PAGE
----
ANCHORAGE, Alaska (AP) — A seal that depends on Arctic sea ice for reproduction will receive threatened species protection, the 9th U.S. Circuit Court of Appeals ruled Monday.
A three-judge panel overturned a lower court decision and ruled that the National Marine Fisheries Service acted properly in listing ringed seals as a threatened species because of projected loss of sea ice due to climate warming.
The decision reverses a ruling by U.S. District Court Judge Ralph Beistline of Anchorage, who in March 2016 said the agency’s decision was speculative.
The decision is closely related to a judgment on another ice-dependent species, bearded seals. Beistline, the judges said, required long-range data demonstrating the decline of ringed seals, information that is not available and is not required under the Endangered Species Act for a listing.
“The district court cannot require the agency to ‘wait until it has quantitative data reflecting the species decline, its population tipping point, and the exact year in which that tipping point would occur before it could adopt conservation policies to prevent that species’ decline,'” the judges wrote.
The agency determination that ringed seals are likely to become endangered was reasonable and based on the best science available as the law requires, the judges said.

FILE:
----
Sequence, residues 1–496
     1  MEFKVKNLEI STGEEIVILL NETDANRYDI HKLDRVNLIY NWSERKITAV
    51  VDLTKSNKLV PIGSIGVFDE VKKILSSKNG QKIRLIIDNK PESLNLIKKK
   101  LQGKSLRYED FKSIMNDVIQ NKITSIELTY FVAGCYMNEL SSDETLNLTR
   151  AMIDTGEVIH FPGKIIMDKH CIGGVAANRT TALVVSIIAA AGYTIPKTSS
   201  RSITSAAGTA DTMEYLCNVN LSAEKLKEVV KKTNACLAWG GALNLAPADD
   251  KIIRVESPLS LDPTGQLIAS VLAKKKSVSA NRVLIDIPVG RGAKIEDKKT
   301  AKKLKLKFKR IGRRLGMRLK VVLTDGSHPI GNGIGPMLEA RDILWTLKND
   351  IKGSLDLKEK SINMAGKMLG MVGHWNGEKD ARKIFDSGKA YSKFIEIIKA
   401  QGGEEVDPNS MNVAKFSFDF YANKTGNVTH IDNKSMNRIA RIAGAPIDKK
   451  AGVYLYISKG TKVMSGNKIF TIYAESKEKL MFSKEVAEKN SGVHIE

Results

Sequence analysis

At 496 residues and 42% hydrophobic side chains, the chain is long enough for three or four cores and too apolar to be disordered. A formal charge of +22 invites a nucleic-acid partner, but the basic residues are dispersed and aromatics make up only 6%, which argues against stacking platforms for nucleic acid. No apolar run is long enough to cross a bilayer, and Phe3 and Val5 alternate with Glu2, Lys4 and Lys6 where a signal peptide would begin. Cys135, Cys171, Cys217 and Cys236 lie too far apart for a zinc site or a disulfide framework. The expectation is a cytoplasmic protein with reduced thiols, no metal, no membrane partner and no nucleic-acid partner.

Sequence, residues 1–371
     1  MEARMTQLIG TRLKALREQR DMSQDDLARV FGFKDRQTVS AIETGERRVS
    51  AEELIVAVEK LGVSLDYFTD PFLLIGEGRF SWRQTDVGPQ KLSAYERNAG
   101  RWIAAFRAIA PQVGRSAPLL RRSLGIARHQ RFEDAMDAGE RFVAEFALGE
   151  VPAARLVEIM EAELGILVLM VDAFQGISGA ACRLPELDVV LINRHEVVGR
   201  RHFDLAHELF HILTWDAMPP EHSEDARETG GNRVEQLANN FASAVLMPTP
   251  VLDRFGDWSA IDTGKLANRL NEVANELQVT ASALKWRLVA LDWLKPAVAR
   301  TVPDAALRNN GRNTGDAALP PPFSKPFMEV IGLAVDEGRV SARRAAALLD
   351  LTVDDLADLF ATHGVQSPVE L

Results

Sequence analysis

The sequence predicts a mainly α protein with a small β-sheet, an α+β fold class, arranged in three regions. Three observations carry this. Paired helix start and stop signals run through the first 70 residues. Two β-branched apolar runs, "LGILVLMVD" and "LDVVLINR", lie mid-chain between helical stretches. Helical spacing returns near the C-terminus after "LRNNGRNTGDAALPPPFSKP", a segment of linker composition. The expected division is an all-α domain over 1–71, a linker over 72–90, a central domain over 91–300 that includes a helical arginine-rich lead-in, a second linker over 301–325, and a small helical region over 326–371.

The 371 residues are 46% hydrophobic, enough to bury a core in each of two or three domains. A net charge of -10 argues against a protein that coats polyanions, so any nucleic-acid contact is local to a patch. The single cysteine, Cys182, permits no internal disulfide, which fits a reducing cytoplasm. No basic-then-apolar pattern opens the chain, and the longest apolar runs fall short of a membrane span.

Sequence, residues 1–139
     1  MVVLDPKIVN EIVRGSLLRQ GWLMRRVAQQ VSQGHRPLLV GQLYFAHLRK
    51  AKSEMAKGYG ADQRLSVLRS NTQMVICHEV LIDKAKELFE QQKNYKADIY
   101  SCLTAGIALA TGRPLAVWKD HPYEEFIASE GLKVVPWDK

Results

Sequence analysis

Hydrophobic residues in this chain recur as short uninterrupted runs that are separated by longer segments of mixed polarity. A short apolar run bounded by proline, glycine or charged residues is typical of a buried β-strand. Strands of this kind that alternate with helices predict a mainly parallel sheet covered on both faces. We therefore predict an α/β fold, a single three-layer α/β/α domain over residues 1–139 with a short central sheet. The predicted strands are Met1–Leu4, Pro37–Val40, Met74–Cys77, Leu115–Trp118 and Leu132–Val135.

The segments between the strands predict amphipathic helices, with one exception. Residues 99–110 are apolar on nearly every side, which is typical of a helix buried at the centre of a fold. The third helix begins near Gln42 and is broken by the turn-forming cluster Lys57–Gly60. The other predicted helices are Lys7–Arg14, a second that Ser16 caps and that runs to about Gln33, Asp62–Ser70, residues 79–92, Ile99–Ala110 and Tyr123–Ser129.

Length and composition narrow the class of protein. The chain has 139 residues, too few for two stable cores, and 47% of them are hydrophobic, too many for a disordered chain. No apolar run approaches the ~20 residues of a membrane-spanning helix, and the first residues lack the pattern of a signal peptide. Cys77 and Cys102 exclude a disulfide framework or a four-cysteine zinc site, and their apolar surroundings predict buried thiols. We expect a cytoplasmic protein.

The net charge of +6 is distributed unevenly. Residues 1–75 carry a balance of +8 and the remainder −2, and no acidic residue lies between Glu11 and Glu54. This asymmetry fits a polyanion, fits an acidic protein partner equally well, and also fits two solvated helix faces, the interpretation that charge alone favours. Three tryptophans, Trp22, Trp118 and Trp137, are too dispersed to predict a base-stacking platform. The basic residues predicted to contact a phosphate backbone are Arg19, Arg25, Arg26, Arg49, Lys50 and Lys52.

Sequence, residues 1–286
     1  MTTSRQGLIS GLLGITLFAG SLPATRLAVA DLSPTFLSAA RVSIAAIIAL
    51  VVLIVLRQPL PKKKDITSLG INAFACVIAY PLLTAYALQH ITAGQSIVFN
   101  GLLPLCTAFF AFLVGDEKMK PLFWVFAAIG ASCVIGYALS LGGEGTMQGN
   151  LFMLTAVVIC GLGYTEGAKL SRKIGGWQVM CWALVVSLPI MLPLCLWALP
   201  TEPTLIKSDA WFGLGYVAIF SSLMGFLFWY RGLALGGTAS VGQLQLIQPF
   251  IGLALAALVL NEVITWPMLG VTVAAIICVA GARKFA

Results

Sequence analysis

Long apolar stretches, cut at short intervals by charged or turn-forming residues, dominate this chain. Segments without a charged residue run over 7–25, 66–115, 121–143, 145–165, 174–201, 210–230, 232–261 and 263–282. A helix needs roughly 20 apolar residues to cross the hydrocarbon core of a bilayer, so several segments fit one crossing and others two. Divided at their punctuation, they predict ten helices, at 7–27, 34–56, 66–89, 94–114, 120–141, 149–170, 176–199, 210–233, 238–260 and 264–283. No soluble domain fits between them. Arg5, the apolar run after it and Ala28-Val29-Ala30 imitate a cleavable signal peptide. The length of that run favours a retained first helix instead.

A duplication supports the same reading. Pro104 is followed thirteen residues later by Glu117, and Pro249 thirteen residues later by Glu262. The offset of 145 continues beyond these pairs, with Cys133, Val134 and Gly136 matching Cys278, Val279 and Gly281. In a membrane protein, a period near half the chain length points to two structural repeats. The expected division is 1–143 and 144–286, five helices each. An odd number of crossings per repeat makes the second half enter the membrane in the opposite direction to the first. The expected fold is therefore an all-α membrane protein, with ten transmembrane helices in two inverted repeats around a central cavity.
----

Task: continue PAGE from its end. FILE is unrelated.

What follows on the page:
Ringed seals get their name from small light-colored circles on their coats. The smallest of Alaska’s ice seals, ringed seals are the only ones that thrive in completely ice-covered Arctic waters. They use stout claws to dig and maintain breathing holes.
When snow covers those holes, females excavate snow caves, where they give birth to pups that cannot survive in ice-cold water. Pups are susceptible to freezing until they grow a blubber layer.
Ringed seals are the main prey of polar bears, which often catch breeding females or pups by collapsing lairs.
Early breakup of sea ice, less snow and even rain threatens lairs, exposing pups to polar bears, Arctic foxes and freezing temperatures.
The National Marine Fisheries Service concluded that the ringed seal likely would be endangered based on climate change models from the Intergovernmental Panel on Climate Change projecting continued loss of sea ice and higher temperatures through the end of the century.
Kristen Monsell, an attorney for the Center for Biological Diversity, which filed the listing petition in 2008, said Beistline wanted very specific information about ringed seal population decline. The law does not require that degree of specificity, Monsell said.
“Particularly here, waiting for perfect science would essentially condemn the species to extinction because it would simply be too late at that point to save them because their sea ice habitat would already be gone,” she said.
By DAN JOLING
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